Local CAMHS service developments between 1996 and 2006 did not increase the numbers of staff working at tier 3, but led to some expansion of the tier 2 workforce with the recruitment of 12 primary mental health workers, 3 CAMHS nurse specialists working with the youth offending service and two 2 providing CAMHS in-reach to the local authority’s children’s secure unit. The service’s management structure and personnel did, however, change markedly over the decade, with a merger of two mental health trusts within the county and the division of one of the large teams into three.
Measuring case complexity
There are two instruments described in the literature designed to measure case complexity in CAMHS.
The Paddington Complexity Scale gathers 16 items of information across 3 domains (psychiatric, physical/developmental and environmental) and generates a total score and two main subscores. Reference Yates, Garralda and Higginson10 This scale has been validated in comparison with the child version of the Health of the Nation Outcome Scales. Reference Gowers, Harrington, Whitton, Lelliott, Beevor and Wing11 To use the Paddington Complexity Scale, information recorded in the case notes needs to include psychiatric diagnoses and a multi-axial classification of problems.
The second instrument is the Pearce Case Complexity Scale (PCCS). It scores six factors (i.e. extent of comorbidity, extent of psychosocial problems, presence of legal issues in a child’s life, the number of agencies involved with a child, any past unsuccessful treatment, and the extent of the impact of the presenting problems on a child’s life) and generates a total score. Reference Pearce12 We understand the scale was developed from empirical thinking in response to service needs. It has been used for research into waiting times. Reference Foreman and Hanna13 Although Byrne Reference Byrne14 found that the PCCS did not predict treatment outcome well, the objective of our study was not to consider correlation between case complexity and outcome. The scale has face validity for the purpose of grading complexity based on clinical and social factors but it has not been validated in other respects.
Despite these limitations, we chose to use the PCCS in this study for practical reasons. It focuses more on social factors than the Paddington Complexity Scale. Although the Paddington Complexity Scale has more robust psychometric properties, it proved unsuitable for the purposes of this study because a high proportion of CAMHS staff working in multidisciplinary teams are non-medical and do not routinely record diagnoses or multi-axial formulations in case notes. Therefore retrospective data collection using the categories of the Paddington Complexity Scale would not have been possible.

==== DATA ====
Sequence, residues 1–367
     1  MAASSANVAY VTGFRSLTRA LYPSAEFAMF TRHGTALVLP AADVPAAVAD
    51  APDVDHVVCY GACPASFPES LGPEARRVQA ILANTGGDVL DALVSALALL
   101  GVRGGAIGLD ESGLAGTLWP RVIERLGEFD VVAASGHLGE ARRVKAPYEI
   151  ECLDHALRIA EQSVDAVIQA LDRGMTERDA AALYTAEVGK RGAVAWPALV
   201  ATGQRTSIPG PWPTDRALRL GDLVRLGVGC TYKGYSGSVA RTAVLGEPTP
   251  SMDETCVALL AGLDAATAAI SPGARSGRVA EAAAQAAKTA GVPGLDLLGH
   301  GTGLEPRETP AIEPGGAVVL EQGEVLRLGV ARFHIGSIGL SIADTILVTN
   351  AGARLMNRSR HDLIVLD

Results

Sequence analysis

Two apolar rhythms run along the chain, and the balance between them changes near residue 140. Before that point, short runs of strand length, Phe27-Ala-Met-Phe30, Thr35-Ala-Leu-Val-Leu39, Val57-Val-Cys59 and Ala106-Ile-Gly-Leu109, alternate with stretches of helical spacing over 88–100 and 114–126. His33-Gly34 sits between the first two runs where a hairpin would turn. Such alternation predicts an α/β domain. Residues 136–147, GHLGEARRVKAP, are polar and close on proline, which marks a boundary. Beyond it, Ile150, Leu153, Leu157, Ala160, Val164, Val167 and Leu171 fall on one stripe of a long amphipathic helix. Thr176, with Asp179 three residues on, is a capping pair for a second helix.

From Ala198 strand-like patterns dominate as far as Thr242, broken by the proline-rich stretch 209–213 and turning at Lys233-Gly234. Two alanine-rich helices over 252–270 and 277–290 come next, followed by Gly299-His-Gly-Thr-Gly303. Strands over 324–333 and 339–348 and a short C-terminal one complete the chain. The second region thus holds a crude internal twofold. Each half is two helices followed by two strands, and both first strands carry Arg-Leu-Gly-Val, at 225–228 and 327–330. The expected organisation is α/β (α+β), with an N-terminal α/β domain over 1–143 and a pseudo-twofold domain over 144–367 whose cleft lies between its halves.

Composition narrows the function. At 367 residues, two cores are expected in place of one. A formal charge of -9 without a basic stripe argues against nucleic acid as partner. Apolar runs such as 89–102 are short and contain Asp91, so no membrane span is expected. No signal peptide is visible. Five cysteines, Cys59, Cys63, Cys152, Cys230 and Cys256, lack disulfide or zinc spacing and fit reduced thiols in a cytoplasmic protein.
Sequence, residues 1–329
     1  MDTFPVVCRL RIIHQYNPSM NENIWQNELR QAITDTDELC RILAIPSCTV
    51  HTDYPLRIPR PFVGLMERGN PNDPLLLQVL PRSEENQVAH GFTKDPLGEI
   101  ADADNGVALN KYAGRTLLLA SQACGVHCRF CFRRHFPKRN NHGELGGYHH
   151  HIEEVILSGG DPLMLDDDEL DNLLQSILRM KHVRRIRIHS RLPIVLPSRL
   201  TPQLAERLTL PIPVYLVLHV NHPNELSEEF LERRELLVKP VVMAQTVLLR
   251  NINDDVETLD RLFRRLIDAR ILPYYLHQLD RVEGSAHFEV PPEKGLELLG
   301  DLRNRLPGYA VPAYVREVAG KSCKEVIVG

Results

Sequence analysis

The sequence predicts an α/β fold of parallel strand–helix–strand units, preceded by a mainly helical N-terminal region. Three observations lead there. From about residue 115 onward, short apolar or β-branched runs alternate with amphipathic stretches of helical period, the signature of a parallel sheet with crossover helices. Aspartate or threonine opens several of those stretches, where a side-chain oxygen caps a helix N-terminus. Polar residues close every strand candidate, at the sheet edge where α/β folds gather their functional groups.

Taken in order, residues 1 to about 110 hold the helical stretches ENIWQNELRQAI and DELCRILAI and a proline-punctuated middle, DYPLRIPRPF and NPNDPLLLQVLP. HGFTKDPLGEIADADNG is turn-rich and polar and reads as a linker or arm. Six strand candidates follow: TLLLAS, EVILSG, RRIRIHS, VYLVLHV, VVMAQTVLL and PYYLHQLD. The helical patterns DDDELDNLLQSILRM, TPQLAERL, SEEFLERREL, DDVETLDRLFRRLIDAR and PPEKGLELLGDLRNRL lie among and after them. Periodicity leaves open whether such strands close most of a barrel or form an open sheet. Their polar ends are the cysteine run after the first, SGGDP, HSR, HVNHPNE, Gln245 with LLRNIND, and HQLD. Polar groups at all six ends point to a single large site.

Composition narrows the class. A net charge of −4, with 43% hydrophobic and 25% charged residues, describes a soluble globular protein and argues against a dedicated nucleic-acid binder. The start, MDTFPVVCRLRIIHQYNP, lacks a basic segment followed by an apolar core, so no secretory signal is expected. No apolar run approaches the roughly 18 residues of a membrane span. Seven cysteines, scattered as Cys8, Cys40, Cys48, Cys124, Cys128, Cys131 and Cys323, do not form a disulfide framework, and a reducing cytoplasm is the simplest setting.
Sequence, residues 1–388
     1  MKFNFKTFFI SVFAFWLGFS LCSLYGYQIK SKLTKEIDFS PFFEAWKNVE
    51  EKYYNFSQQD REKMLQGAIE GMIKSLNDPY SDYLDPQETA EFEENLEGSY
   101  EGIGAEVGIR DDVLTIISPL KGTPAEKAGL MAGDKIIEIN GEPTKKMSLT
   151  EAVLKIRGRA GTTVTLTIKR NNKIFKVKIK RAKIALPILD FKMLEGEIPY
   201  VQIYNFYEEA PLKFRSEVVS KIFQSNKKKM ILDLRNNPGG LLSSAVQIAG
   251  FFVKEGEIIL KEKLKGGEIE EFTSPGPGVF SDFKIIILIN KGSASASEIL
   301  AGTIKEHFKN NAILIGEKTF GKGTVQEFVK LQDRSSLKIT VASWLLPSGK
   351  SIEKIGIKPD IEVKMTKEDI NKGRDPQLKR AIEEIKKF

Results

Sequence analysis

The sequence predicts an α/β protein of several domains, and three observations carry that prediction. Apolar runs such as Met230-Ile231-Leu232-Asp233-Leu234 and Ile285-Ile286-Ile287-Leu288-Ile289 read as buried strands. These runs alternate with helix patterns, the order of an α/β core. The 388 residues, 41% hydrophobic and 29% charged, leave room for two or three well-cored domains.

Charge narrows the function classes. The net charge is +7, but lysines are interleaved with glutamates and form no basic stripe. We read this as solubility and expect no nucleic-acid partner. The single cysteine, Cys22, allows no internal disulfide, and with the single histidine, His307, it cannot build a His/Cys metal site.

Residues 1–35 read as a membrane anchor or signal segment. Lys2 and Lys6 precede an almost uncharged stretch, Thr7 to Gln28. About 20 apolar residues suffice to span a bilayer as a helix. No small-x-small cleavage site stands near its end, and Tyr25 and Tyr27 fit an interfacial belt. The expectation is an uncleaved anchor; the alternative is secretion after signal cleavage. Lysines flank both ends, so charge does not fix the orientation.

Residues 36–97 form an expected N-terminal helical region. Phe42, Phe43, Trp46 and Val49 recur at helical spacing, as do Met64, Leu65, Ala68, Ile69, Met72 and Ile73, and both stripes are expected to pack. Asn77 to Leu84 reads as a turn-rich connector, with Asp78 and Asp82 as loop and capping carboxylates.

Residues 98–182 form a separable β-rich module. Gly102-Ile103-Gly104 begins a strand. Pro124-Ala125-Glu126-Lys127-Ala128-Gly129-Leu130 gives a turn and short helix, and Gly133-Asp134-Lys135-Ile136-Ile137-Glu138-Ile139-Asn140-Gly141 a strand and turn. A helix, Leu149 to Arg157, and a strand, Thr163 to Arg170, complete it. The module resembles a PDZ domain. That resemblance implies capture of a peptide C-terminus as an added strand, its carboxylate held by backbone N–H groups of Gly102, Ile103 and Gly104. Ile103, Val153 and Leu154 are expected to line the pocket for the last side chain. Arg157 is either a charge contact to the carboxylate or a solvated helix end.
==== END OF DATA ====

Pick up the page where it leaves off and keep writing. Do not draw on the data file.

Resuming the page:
Electronic databases of names of children referred to Lincolnshire CAMHS in 1996, 1998, 2000, 2002, 2004 and 2006 were accessed and an equal number of cases from each year were selected using random number tables. Three experienced child and adolescent psychiatrists independently scored each of the sets of case notes using the PCCS. We predicted that ratings of case complexity would differ over the course of an intervention from CAMHS. Judgements about the complexity of a case are likely to increase from the point of referral through the assessment process as the child’s story unfolds. Once treatment is in progress, some factors contributing to case complexity may be resolved and case complexity may therefore reduce. In this study we rated completed episodes of care using all information from the whole duration of treatment. A factor contributing to case complexity was rated as present if it occurred at any point during the child’s involvement with the service.
To assess subjective views of complexity, we devised a short staff opinions questionnaire (available from the authors on request) based on items from the PCCS. This questionnaire asked staff to indicate their opinion about whether case complexity had changed in the time they had worked in Lincolnshire CAMHS. It also asked them to rate their perceptions of change in five of the six dimensions of complexity used in the PCCS. The item of the PCCS not included in the staff questionnaire made reference to individual patients having had previously unsuccessful treatment from CAMHS; we decided that the meaning of this question could not easily be conveyed in the staff questionnaire and so we omitted it. Responses were collected using a 5-point scale. Information about length of time worked in Lincolnshire CAMHS was also collected. All the clinicians in the community CAMHS teams were invited to complete this survey in 2006.